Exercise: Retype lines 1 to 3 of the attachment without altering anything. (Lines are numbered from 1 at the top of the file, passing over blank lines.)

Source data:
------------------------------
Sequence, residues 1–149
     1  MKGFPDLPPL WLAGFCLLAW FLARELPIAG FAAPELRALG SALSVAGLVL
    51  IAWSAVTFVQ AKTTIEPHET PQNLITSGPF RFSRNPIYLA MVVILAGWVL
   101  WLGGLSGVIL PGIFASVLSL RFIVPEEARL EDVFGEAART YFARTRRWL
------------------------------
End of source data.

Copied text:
Sequence, residues 1–149
     1  MKGFPDLPPL WLAGFCLLAW FLARELPIAG FAAPELRALG SALSVAGLVL
    51  IAWSAVTFVQ AKTTIEPHET PQNLITSGPF RFSRNPIYLA MVVILAGWVL